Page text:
I think my VDARE colleague Patrick Cleburne's recent plaint about six of the twelve freshman Republicans in the U.S. Senate (Half 2010 GOP Senate Intake Dodged Voting On Immigration — "Why Cumbereth Them The Ground?) was misplaced. In fact, no Republican in the Senate, of whatever seniority, has had a chance to vote on any immigration-related bill in the current Congress.
Thus Cleburne's piece was a needless downer, and that's important, because our immigration-sanity movement's task is already hard enough. We shouldn't encourage suspicion in the ranks that half of our friends and potential friends in political office are actually turncoats, right out of the gate.
So let's look at the details.
The starting point is, naturally, the NumbersUSA grading system for federal legislators. (Go here, pick a state, and work your way down.)
Cleburne's dirty-half-dozen Repub frosh are Kelly Ayotte (NH), Dan Coats (IN), John Hoeven (ND), Ron Johnson (WI), Rob Portman (OH), and Pat Toomey (PA).
[Actually, Coats returned to the Senate after a two-term hiatus, having previously been a senator for ten years and a congressman before that. Similarly, Portman and Toomey had previously been congressmen, but they're true freshmen in the Senate.]
When you visit the NumbersUSA page for any of those six and click on "This Congress (2011 - 2012)" [leftmost of the three tabs near the top], you'll find the top-level summary "FAILED TO ACT" and the same words in each of the ten subject areas (e.g. reducing chain migration, addressing the anchor-baby problem, and attacking refugee and asylum fraud).
So that's the story on the half-dozen who've disappointed Cleburne. (Of the six, Coats, Portman, and Toomey do have career grades with NumbersUSA, arising from their prior service in Congress.)
But what about the Repub senatorial frosh who received Cleburne's approval: Roy Blunt (MO), John Boozman (AR), Mike Lee (UT), Jerry Moran (KS), Rand Paul (KY), and Marco Rubio (FL)? What have they done to earn actual grades from NumbersUSA for the current Congress? In each case they've cosponsored S.723 and/or S.1196.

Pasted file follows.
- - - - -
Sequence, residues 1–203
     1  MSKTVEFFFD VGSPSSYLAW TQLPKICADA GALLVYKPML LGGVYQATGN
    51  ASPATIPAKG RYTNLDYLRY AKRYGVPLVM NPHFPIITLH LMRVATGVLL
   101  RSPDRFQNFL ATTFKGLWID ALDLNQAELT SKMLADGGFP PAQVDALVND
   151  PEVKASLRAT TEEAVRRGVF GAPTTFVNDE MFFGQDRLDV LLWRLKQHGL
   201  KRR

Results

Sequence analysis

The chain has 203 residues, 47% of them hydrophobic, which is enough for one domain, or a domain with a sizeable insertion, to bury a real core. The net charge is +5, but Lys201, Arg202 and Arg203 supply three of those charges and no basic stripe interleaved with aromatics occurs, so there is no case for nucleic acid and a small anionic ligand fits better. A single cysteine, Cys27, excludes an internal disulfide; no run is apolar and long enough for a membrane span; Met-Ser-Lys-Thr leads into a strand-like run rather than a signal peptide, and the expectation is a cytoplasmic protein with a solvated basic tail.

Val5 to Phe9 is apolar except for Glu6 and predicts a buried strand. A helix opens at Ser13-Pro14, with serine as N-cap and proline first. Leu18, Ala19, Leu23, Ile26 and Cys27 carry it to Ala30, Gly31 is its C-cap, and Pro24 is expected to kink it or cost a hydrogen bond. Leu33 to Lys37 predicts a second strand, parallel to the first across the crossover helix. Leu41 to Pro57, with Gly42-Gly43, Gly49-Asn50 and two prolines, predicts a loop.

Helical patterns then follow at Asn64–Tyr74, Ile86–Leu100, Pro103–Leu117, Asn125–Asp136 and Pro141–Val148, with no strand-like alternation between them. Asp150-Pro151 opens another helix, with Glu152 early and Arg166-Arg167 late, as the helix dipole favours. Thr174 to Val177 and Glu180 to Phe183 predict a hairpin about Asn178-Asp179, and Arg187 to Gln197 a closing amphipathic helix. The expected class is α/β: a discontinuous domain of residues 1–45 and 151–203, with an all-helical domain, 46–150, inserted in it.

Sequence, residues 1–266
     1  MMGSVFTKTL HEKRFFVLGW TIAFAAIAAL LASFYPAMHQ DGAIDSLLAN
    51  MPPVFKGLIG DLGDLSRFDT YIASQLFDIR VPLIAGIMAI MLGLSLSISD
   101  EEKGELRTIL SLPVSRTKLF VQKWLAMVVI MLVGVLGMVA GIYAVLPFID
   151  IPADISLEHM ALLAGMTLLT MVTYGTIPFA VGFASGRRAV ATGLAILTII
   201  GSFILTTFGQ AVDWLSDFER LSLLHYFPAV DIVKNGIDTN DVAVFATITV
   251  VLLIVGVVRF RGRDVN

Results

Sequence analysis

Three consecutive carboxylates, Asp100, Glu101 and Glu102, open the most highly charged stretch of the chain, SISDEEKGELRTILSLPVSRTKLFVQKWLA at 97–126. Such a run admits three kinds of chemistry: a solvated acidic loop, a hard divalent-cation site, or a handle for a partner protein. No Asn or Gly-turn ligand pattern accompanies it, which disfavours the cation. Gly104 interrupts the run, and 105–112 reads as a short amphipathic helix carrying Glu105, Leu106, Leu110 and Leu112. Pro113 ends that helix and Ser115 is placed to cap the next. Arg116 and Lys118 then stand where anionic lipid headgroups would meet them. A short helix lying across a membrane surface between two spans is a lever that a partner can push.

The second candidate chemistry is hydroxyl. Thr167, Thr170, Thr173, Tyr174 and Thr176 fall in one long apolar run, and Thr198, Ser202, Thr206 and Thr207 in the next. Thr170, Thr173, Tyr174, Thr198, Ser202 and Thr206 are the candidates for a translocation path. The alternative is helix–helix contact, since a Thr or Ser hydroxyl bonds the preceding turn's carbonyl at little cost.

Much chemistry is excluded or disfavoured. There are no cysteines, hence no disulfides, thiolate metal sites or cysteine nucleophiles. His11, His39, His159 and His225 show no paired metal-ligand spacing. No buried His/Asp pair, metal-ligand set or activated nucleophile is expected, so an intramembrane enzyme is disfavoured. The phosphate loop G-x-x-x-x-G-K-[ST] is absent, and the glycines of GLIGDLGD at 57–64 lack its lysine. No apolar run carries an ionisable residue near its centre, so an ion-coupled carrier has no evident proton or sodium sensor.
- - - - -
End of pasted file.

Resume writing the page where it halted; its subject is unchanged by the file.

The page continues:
S.723 is David Vitter's (R-LA) bill to end birthright citizenship. The bill has four co-sponsors: Boozman, Lee, Moran, and Paul.
S.1196 is Chuck Grassley's (R-IA) terrific E-Verify-and-all-the-trimmings bill. Among its 11 co-sponsors (all Republican) are Boozman, Lee, and Rubio.
(Roy Blunt, also among Cleburne's approved six, has a FAILED TO ACT rating for the current Congress, but he has a grade from Numbers for the terms he spent in the House.)
It's laudable that those five — Boozman, Lee, Moran, Paul, and Rubio — have co-sponsored good immigration-sanity bills. But it's also merely symbolic: With the Democrats controlling the Senate and with S.723 and S.1196 each lacking any Democratic co-sponsors, neither bill will receive even a hearing in this Congress, never mind a vote.
So while it would be a nice gesture if any of Cleburne's dirty-half-dozen were to sponsor or co-sponsor good immigration-sanity legislation — with Coats and Portman, it would also be a big surprise — it wouldn't amount to much more than tilting at windmills in the current Congress. Perhaps these Repub frosh senators simply don't see a practical point in making such a gesture.
Additional point regarding Rubio: As I recall he played a less-than-helpful role for E-Verify legislation in Florida when he was Speaker of the state's House of Representatives. So it's good to see him signing on to a high quality E-Verify bill in the U.S. Senate, even though that bill is going nowhere in this Congress. And in a ~45-second video, apparently recorded last April, Rubio made an impressive pitch — in English, then Spanish — that the country should have an official English law, as Florida does. (Note: That's "official English," not "English only." In fact, a majority of states have such laws, but they often aren't well enforced.)